For Immediate Release
Seattle, WA -
Point B Inc., an integrated management consulting, venture investment firm and property development firm, announced Chief Executive Officer Mike Pongon has been appointed to the National Multiple Sclerosis Society National Board of Directors. In this role, he will help lead the Society’s efforts to create a world free of MS.
Pongon’s appointment extends a long history of dedication to and support of the mission of the MS Society. He is the former chair of the Society’s Oregon chapter, where he helped reinvigorate Bike MS and the annual gala and improve the financial success and volunteer leadership of the chapter. Pongon served on the National Metrics Advisory Committee and the West Region Volunteer Leadership Council, and has helped Point B secure a trustee and Bike MS team in each of the eight U.S. markets it serves. The firm has invested in and raised over $1.5 million for the MS Society over the past ten years.
“My enduring relationship with the MS Society has been quite important to me throughout my career,” said Mike Pongon. “Their bold vision and strategic approach to ending MS inspires me, and it’s an honor to be in a position to help influence positive outcomes for everyone living with MS.”
About the National MS Society
The Society mobilizes people and resources so that everyone affected by MS can live their best lives as we stop MS in its tracks, restore what has been lost and end MS forever. In 2014 alone, through our comprehensive nationwide network of programs and services, the Society devoted $122.2 million to connect more than one million individuals to the people, information and resources they need. To move closer to a world free of MS, the Society also invested $50.2 million to support more than 380 new and ongoing research projects around the world. We are united in our collective power to do something about MS now and end this disease forever. Learn more at www.nationalMSsociety.org.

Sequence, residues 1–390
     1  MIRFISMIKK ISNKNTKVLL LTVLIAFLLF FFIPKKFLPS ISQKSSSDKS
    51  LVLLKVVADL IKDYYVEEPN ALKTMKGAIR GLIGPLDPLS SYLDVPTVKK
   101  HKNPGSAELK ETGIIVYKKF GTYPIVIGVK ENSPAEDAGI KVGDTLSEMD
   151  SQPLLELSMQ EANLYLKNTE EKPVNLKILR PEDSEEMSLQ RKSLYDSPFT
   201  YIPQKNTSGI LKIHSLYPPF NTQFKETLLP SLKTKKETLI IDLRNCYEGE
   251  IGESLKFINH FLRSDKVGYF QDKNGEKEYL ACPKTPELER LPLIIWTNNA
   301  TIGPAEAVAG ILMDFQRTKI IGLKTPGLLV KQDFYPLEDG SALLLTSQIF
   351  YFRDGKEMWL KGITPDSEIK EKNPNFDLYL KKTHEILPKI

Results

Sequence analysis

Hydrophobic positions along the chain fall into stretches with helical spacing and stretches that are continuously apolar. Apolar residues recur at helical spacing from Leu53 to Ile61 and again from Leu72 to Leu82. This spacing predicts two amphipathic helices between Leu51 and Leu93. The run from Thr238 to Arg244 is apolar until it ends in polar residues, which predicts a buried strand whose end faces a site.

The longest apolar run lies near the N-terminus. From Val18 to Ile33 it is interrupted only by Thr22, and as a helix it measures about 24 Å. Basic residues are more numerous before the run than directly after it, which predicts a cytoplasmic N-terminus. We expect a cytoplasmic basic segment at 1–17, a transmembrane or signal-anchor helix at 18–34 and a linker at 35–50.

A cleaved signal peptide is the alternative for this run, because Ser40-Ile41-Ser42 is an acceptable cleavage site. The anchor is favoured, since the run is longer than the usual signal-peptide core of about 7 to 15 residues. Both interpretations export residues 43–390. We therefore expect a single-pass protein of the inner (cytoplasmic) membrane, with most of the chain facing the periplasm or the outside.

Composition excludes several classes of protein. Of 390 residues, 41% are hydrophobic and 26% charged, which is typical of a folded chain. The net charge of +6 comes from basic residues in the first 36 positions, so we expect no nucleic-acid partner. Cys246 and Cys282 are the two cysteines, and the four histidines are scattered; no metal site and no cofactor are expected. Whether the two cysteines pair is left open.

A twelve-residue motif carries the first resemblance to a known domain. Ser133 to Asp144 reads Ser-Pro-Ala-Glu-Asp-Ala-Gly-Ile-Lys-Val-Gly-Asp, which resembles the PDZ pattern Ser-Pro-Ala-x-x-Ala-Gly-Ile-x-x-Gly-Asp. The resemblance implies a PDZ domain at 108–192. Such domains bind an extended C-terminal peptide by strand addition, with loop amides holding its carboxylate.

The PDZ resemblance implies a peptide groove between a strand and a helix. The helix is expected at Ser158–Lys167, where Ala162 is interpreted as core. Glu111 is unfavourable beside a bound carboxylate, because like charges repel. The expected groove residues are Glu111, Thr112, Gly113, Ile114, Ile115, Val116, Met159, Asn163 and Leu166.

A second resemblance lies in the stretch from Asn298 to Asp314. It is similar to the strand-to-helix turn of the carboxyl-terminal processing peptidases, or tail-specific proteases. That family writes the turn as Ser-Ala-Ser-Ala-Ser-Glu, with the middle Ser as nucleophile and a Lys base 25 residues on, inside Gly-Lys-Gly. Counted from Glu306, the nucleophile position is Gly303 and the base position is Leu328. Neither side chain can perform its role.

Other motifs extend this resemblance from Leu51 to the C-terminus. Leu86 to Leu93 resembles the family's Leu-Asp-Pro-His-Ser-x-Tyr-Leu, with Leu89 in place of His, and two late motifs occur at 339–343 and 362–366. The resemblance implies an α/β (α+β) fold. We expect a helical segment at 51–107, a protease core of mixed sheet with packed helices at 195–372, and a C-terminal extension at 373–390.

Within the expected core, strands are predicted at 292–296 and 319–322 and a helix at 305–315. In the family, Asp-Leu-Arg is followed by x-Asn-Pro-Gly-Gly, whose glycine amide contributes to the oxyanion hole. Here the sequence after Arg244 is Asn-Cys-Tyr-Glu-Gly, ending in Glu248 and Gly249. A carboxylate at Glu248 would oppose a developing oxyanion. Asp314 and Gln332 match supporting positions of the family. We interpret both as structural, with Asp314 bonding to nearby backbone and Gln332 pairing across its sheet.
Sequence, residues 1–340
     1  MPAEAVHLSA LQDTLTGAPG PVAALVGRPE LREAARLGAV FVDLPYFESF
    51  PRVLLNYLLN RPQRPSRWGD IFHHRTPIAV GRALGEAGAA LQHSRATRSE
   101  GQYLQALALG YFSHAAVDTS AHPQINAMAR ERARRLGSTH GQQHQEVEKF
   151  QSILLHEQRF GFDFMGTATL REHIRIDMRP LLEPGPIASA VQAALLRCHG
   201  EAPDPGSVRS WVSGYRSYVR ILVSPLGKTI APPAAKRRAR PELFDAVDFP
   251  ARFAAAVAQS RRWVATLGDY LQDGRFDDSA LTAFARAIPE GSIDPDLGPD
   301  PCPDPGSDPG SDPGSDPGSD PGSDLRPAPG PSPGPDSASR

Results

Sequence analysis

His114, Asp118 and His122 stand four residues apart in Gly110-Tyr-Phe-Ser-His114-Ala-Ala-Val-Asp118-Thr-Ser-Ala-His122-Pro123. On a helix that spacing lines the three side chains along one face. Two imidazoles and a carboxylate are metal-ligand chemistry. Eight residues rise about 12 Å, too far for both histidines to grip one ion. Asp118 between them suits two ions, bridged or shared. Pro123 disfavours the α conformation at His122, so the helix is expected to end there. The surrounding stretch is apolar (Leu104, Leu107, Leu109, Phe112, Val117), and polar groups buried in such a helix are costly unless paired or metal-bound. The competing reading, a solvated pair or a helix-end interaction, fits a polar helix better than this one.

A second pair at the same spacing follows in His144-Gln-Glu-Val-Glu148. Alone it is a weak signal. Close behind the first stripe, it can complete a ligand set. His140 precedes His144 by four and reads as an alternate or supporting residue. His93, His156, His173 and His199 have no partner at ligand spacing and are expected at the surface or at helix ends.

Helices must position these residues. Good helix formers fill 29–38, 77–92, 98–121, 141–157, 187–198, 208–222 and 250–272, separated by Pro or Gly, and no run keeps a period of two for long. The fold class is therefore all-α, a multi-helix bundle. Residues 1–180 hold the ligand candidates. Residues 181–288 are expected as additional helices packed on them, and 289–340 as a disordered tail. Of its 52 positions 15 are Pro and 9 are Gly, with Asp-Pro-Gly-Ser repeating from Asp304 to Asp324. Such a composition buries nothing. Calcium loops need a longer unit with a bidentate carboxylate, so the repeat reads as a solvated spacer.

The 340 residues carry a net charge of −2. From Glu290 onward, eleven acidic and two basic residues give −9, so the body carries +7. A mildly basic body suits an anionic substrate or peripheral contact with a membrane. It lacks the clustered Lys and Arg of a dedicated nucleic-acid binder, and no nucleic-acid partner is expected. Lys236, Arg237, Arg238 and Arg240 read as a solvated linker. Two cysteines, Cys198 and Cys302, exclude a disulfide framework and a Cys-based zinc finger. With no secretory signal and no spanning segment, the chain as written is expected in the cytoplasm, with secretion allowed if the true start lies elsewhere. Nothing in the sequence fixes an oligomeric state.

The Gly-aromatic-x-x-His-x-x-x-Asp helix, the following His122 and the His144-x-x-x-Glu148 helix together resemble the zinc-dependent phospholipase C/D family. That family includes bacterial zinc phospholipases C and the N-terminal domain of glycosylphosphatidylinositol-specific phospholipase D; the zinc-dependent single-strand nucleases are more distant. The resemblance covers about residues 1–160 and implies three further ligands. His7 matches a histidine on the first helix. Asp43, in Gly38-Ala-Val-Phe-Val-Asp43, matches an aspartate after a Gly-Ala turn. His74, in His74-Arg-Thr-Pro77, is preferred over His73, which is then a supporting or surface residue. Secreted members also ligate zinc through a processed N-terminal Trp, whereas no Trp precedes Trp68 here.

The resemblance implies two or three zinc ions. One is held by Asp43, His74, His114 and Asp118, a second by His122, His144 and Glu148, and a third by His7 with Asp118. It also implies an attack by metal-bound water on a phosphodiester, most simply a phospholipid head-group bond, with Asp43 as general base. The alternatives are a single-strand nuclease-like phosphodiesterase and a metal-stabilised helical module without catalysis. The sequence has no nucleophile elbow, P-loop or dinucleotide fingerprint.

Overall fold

About Multiple Sclerosis
Multiple sclerosis, an unpredictable, often disabling disease of the central nervous system, interrupts the flow of information within the brain, and between the brain and body. Symptoms range from numbness and tingling to blindness and paralysis. The progress, severity and specific symptoms of MS in any one person cannot yet be predicted, but advances in research and treatment are moving us closer to a world free of MS. Most people with MS are diagnosed between the ages of 20 and 50, with at least two to three times more women than men being diagnosed with the disease. MS affects more than 2.3 million worldwide.